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Moore A Intellectual Property: Moral, Legal, and International Dilemmas (Rowan and Littlefield Publishers Oxford 1997)        [ Links ]

Mugabe J Intellectual Property Protection and Traditional Knowledge: An Exploration in International Policy Discourse (ACTS Press Nairobi 1999)        [ Links ]

Munzer SR and Raustiala K "The Uneasy Case for Intellectual Property Rights in Traditional Knowledge" 2009 Cardozo Arts & Ent LJ 37-97        [ Links ]

Oguamanam C "Localising Intellectual Property in the Globalisation Epoch: The Integration of Indigenous Knowledge" 2004 Ind J Global Legal Studies 135-169        [ Links ]

Oguamanam C "Patents and Traditional Medicine: Digital Capture, Creative Legal Interventions, and the Dialectics of Knowledge Transformation" 2008 Ind J Global Legal Studies 489-528        [ Links ]

Okediji R "The International Relations of Intellectual Property: Narratives of Developing Country Participation in the Global Intellectual Property System" 2003 SJICL 315-385        [ Links ]

Roht-Arriaza N "Of Seeds and Shamans: The Appropriation of the Scientific and Technical Knowledge of Indigenous and Local Communities" 1995-1996 Mich J Int'l L 919-963        [ Links ]

Shiva V Patents: Myths and Realities (Penguin Books New Delhi 2001)        [ Links ]

Verma SK "Protecting Traditional Knowledge: Is a Sui Generis System an Answer?" 2004 JWIP 765-805        [ Links ]

Case law

Ensign Bickford (South Africa) (Proprietary) Limited & Ors v AECI Explosives and Chemicals Limited (O) unreported case number 4/95 (SCA) of 21 September 1998

Ethicon v United States Surgical Corp 135 F 3d 1456 (Fed Cir 1998) Re Staeng Ltd's Patents 1996 RPC 183

Schlumberger Logelco Incorporated v COFLIXIP SA 15 (O) unreported case number 256/01 of 6 September 2002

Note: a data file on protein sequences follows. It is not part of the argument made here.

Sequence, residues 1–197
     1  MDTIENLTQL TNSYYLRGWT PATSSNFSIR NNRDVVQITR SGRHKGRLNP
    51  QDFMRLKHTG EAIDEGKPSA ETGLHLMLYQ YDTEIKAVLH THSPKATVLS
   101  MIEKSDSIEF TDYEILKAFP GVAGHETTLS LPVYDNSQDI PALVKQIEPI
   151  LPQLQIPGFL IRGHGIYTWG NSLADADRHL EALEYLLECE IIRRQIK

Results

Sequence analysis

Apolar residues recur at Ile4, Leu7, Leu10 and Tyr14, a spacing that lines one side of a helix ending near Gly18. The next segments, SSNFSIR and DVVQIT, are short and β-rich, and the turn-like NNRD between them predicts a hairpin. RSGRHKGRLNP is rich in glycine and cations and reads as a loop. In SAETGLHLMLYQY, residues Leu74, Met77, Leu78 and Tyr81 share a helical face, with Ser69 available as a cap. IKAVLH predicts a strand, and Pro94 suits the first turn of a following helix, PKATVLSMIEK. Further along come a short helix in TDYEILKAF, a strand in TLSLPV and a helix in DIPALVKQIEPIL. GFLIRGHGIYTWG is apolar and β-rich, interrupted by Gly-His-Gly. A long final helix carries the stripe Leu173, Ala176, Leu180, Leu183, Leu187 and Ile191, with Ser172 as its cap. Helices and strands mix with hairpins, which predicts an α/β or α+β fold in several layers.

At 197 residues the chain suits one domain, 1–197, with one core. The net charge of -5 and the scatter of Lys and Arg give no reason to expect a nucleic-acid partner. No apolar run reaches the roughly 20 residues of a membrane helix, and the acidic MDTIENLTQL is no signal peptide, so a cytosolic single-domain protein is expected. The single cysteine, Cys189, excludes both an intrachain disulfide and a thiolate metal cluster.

Legislation

National Environmental Management: Biodiversity Act 10 of 2004

Patents Act 39 of 1970 (India)

Patents Act 57 of 1978

Patents Amendment Act 20 of 2005

US Patent Act 35 USC 2006

Government publications

South Africa

GN R2470 in GG 6247 of 15 December 1978 (Patent Regulations)

GN 1095 in GG 18163 of 28 July 1997 (White Paper on the Conservation and Use of South Africa's Biological Diversity)

GN R1226 in GG 30593 of 14 December 2007 (Patent Regulations Amendment)

GN R138 in GG 30739 of 8 February 2008 (Regulations on Bio-Prospecting, Access and Benefit-Sharing)

Gen N 552 in GG 31026 of 5 May 2008 (Policy Framework for the Protection of Indigenous Traditional Knowledge through the Intellectual Property System and the Intellectual Property Laws Amendment Bill)

GN 918 in GG 36816 of 4 September 2013 (Draft National Intellectual Property (IP) Policy)

Patents Amendment Bill B17B-2005

International law instruments

Agreement on Trade-Related Aspects of Intellectual Property Rights (1994) Paris Convention for the Protection of Industrial Property (1883) Patent Cooperation Treaty (1970)

Strasbourg Agreement Concerning the International Patent Classification (1971)

Internet sources

Department of Science and Technology 2013 Minister Hanekom Launches Recordal System for Indigenous Knowledge http://www.dst.gov.za/index.php/media-room/latest-news/640-news-released-27may-2013-minister-hanekom-launches-recordal-system-for-indigenous-knowledge accessed 30 October 2013        [ Links ]

Eisenberg HM 2000 Inventorship vs Ownership of a Patent http://www.yale.edu/ocr/pfg/guidelines/docs/inventor_owner.pdf accessed 20 October 2013        [ Links ]